A Q&A with the switch-hitting fiction/nonfiction author & marketing expert
Best of Indie reached out to David Gaughran, a well-known veteran in indie publishing circles, for our inaugural Indie Author Spotlight feature. David is the author of the new book Strangers To Superfans: A Marketing Guide to the Reader Journey as well as other noteworthy titles you can see on his Amazon author page.
INDIE AUTHOR SPOTLIGHT
Cheaper books, and more of them! Five years ago, there were 1 million books in the Kindle Store, now there are 7 million – books by a much wider variety of voices, telling different kinds of stories, that are available at prices anyone can afford and that can be ordered online 24/7. I’d say things are looking pretty good for readers. Speaking personally, just being able to sample books before purchasing means I hit way less duds these days.
The walls between writers and readers are disappearing, which is wonderful. It’s easy to forget how different things were just a sort time ago. When I was writing my first novel — A Storm Hits Valparaiso — 10 years ago, I found a wonderful little history book that helped me immensely with research, but which also threw out a very puzzling claim that undermined my view of a historical figure who was a central character in my story. I attempted to contact the writer for clarification, but also to express my thanks for writing such an amazing book. I wrote to his publisher and his agent but couldn’t get in touch with him. I was trying to send fan mail to a writer, but they actually wouldn’t let me!
Things are very different today and it’s easy to email or tweet or Facebook message anyone from a president to a pauper, and writers should embrace that change. I put my email address in the back of all my books and love getting messages from readers. And I certainly listen to what they have to say. For example, there is a secondary character in my last book, Liberty Boy, that was incredibly popular with readers who would like a story from her perspective, and that’s something I’m now planning to do … eventually.
Having an open line of communication with your readers is a wonderful thing that benefits everyone. Readers get to build more of a connection with the person who wrote the stories. Writers get to build a more passionate audience for their work. It’s great.
— author David Gaughran
I think it already is. Certainly it is for me. And when I go to conferences and speak to younger writers, most of them seem to have gone straight to self-publishing without even considering the traditional route. This makes me very happy. Writers are realizing (along with readers) that they are the most important part of this chain, and that they have all the power — if they choose to exercise it. Even if they don’t! More choice also empowers the authors still choosing to go with traditional publishers by being a kind of “silent bidder” in every auction, an unspoken threat, if you like, keeping everyone more honest. And that’s badly needed!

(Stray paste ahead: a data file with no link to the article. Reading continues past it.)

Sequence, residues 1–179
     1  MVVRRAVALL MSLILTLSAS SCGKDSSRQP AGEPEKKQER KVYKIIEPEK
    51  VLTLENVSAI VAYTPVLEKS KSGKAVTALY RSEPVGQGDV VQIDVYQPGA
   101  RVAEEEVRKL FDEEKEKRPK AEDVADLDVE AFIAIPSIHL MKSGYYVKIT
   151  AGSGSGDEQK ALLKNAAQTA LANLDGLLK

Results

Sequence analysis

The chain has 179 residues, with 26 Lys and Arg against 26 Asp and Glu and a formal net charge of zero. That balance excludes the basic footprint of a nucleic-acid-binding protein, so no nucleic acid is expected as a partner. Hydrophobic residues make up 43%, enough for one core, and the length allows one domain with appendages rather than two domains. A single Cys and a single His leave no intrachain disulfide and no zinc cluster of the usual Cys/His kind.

This is why I don’t find the sound of a publishing deal appealing. When I publish my own work, I get to decide everything, and I like having that level of control. I spend a lot of time thinking about things like the cover design, and what approach might help me reach more readers. I love finishing the last draft of a book and sending it off to my editor, knowing that I’ll be able to publish that story in a couple of weeks. With a publisher I’d be looking at a wait of 18 months or more.
Price is another huge one. I tend to price my books at $4.99, which feels fair to me and within reach of most readers. But I also run regular sales at 99 cents and do free promotions now and then to give everyone a chance to buy and to encourage new readers to try my work. I love having that freedom. If an author friend is running a promotion, or if I want to give a box of books to a library, I don’t have to ask anyone’s permission. It would be hard to relinquish all that power.
Indie authors are very responsive to shifting demand and changing tastes, we’ve seen that with space opera, Westerns, military sci-fi, grimdark fantasy, LitRPG, and all 50 shades of romance. Part of that is the vastly reduced production time I mentioned earlier, but also because we are much closer to readers, and talk to them all the time. Publishers don’t’ have that advantage. They are kind of scared of readers and don’t know how to talk with them — and don’t really have that open channel that self-publishers have. Historically, their customers were bookstores, not readers, so they don’t really speak their language, either.
I was at a conference a few years ago and heard the (respected) head of one of the biggest sci-fi/fantasy independent publishers in the UK declare that space opera was “dead.” I told him that a friend of mine was selling a quarter of a million of those dead space operas every year and he just ignored me and moved on to the next question. This is what happens when you aren’t directly in touch with the market. His information was out of date. He’s only getting a sense of the market from talking to his sales staff, who only talk to bookstore owners. And they only see what’s selling in their own store, and if they aren’t stocking it, they can’t sell it! This often leads to publishers declaring genres as “dead” or “hot” — solely based on the success of a failure of a title or two. Which is a crazy way to run a multibillion-dollar industry, but there you go.
Of course, indies are more than happy to fill those gaps and have been doing so very successfully indeed.
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